From Oxford University come the Butless Chaps, a sketch group brimming with talent and clever ideas. In association with the Oxford Revue which runs throughout the festival, these intelligent comedians are a safe bet when seeking shelter from the Mile one afternoon.
Through song and slick dialogue we were whisked from the lamenting sobs of a tramp to the world of Henry VIII and from choreographing the moon landings to the inappropriate world of internet trolls. Their lyrical prowess was most impressive and the dainty references to Holbein and Pinter set to the sweet tinkering of a pianist or a guitar were a sheer delight. The Free Fringe can be a hit-and-miss affair but the Butless Chaps are genuinely funny (which I find key to comedy) although it was a pity about the tough crowd. The act deserved more of a reaction than was offered, especially in the beginning, and they did very well without a decent audience to bounce off.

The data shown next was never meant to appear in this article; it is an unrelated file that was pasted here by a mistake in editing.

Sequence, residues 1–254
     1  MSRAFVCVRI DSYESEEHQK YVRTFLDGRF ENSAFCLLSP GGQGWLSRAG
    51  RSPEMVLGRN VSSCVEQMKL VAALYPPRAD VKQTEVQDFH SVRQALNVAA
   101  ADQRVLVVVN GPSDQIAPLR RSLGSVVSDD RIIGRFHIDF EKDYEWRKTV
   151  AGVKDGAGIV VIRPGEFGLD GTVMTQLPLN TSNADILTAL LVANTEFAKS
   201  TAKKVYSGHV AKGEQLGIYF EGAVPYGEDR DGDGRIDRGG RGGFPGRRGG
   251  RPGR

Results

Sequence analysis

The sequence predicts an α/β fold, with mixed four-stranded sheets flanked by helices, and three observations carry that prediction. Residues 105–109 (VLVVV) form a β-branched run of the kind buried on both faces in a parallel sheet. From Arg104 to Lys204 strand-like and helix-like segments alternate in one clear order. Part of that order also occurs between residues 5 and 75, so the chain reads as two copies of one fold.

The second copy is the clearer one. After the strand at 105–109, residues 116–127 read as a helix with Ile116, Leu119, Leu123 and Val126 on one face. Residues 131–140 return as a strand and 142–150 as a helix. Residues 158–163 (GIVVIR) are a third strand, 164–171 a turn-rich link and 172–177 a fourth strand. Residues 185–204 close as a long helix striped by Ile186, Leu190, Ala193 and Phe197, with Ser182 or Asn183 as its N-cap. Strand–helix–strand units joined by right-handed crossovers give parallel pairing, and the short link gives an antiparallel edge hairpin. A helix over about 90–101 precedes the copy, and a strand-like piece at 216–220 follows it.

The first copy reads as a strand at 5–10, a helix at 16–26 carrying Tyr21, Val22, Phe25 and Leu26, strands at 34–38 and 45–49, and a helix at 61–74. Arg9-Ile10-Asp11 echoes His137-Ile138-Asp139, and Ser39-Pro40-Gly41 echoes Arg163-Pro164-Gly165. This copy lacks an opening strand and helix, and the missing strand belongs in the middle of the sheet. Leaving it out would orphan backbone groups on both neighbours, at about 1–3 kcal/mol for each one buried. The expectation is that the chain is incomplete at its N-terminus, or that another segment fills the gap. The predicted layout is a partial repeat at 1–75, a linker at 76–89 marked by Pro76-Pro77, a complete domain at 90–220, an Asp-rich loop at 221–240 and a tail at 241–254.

There are some flaws, however, most of which can be easily fixed, such as with clearer distinctions between scenes. A clap at the end of a couple of sketches did help to break the action, although this wasn't always done, so that when it was it came across as rather half-hearted. My second gripe is that they were very lazy about breaking character when off stage. I do appreciate that a pub is not a theatre, but pouring each other drinks and exchanging whispers in full view of the audience does take breaking the 'fourth wall' to another level. Why not just hide behind the bar, or face the back wall while standing still? Either of these would have separated those on-stage from those who weren't.
There are quick fixes to both the above, though, so don't let that deter you from seeing another part of the Oxford Revue as they continue their run. If the Butless Chaps are anything to go by then there is much to look forward to.